|Heavy Metal, Power Metal, Thrash Metal
July 9th, 2014
Release length: 47:31
Under the Pentagram does keep with that analog sound common to the Heavy Metal Revival movement, though handled quite well compared to many others that make it more a novelty than a crucial piece of the puzzle. The drums sound crisp all around, perfectly accentuating the thick mid-range tuning of the guitar with a distinct hum at about the same level on the bass guitar that adds a little more edge to the sound overall. However, the greatest conflict ends up being the way the vocals are handled. “Monolith” presents a catchy eighties vibe right away, leaving an introduction that sounds reminiscent of “Money for Nothing” by Dire Straights, though the bass lines and drum patterns do help separate the two beyond that section. The easy going music has just enough bite to hook the listener, even when the simpler held notes kick in during the chorus. But, while the clean singing works well enough when you give it time to grow on you, one can’t help but wish there was a rougher tone to them at times to better accentuate the vintage Hard Rock meets Heavy Metal approach, much like the range found on Godiva‘s debut album, instead of an odd mixture of that and Doom Metal grade singing.
While that vocal approach can seem out of character to the music at first, you’ll find it does have its place on the album the deeper you go. “The Dusk” is a cleaner ballad that sounds cold, creepy and barren musically. There’s a few things that seem a bit overkill though, which includes the delayed echo on the vocals early on that thankfully doesn’t appear again afterwards, as well as the near rapid-fire distant cymbals from the drum kit the take away from the intimate environment. The only other slower track here is “Through Different Eyes,” which sounds like a mixture of Progressive Metal with some early Rock elements thrown in to work the barren wasteland atmosphere harder. “Under the Pentagram” has a little more speed behind it, making the performance a lot tighter and far more energetic. There are some rougher moments to the vocals scattered about too, which sounds fantastic as far as building tension goes. The only thing that would perfectly compliment this song is the gang chants that are absent everywhere but on the largely eighties Rock inspired “Blade of Black.”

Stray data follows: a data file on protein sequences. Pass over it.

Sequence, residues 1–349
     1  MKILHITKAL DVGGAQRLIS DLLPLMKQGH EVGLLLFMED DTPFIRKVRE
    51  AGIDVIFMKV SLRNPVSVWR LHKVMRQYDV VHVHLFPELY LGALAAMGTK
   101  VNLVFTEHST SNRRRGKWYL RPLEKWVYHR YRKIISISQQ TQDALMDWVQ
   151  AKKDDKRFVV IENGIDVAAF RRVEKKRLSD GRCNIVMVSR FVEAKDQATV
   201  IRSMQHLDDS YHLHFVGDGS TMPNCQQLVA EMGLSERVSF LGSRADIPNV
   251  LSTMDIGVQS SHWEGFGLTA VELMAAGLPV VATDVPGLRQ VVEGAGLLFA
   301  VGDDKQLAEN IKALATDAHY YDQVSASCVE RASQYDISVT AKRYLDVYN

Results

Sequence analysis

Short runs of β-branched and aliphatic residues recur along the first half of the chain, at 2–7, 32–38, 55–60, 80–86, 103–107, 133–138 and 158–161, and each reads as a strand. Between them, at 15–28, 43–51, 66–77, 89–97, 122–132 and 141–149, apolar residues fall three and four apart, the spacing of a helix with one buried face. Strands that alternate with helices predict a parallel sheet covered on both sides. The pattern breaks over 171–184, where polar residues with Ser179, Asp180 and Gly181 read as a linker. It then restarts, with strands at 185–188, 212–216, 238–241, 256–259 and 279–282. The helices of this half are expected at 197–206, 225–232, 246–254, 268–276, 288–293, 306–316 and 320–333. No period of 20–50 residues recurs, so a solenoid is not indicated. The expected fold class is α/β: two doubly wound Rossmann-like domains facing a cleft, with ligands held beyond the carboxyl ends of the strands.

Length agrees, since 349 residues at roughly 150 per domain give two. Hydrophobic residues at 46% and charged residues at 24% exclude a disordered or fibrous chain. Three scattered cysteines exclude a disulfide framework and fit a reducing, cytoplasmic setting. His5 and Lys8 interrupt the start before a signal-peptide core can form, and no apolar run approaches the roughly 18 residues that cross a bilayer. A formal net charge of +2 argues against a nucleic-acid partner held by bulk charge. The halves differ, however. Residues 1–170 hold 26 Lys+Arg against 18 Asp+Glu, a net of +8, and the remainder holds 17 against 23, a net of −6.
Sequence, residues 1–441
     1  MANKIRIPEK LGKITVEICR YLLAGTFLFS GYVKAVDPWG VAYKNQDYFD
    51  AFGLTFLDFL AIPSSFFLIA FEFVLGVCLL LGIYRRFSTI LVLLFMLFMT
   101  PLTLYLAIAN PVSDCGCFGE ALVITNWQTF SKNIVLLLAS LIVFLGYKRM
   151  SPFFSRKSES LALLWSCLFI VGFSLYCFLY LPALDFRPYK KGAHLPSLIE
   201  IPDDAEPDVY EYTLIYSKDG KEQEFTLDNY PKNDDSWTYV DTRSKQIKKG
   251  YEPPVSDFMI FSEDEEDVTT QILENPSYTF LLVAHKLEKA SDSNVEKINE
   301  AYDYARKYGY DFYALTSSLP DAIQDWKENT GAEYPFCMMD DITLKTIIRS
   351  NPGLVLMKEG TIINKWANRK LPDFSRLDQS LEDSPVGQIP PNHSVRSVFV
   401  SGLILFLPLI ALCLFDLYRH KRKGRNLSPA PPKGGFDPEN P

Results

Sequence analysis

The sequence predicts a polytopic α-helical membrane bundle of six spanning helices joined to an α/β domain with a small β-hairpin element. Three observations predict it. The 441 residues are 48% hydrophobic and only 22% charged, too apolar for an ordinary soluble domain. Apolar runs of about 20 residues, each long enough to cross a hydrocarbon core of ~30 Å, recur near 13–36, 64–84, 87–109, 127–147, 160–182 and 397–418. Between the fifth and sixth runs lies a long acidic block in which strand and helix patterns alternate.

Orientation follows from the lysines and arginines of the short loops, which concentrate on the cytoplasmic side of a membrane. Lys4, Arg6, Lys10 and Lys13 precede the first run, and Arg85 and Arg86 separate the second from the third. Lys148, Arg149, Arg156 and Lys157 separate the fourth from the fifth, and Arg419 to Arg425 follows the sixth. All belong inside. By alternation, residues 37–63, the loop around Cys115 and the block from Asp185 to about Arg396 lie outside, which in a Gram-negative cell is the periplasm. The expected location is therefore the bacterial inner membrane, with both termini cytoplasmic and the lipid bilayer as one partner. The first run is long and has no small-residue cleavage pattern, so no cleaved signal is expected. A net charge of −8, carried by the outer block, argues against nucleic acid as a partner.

“Demon” shows off the band’s Thrash Metal roots nicely at times, especially at the very start. Aside some bridges that throw back to that tighter shift in style, the main verses become simpler riffs with held notes above a steady drum rhythm that pushes the song along with the bass guitars efforts, hinting at an explosion that doesn’t quite hit from the highly melodic chorus and its haunting, near Occult Rock atmosphere. The main drawback again ends up being the vocals, as there are times such as at the start, where a hearty falsetto or high pitched scream would work perfectly. The same goes for “Horsemen of the Grail.” The somewhat flat lower singing works for most of the song, but there are times you wish there was a little more emphasis, or even some layering at work. Even at the very end another hearty shout like what was missing on “Demons” would fit perfectly at three minutes and forty seconds in after the brief moment of silence and quick notes from the drum.
Skyconqueror has a lot of talent and good ideas going for them, and they would be a powerhouse overall if they didn’t end up an acquired taste. Musically, they hit the right spot on just about level with Under the Pentagram. The sound is fantastic, the levels are all just right, and the analog elements feel natural and genuine without treading into gimmicky territory. The right atmospheres are always set and perfectly suit the often foreboding or fantastical lyrics and themes. Vocally, however, you get a somewhat flat sounding clean singing style that has a very limited range, as well as can sound out of place in some songs that require a little more attention for you to accept them for what they are and not what they could have been. What could have been a strong recording winds up something from a band playing it safe along the lines of Ghost‘s Opus Eponymous. Thankfully, with an open mind and the ability to sit down and give this more than just a single spin, you’ll still find an album that could have been stronger, but is still catchy enough to be well worth your attention.
01. Monolith – 4:19
02. Demon – 4:49
03. The Sanctuary of 83 – 5:18
04. Horsemen of the Grail – 4:14
05. The Dusk – 5:44
06. Under the Pentagram – 3:41
07. Fallen Rainbow Warrior – 4:43
08. Bells of Fate – 3:05
09. Through Different Eyes – 4:02
10. Running High – 3:33
11. Blade of Black – 4:04
|Initial Pressing Score: 7/10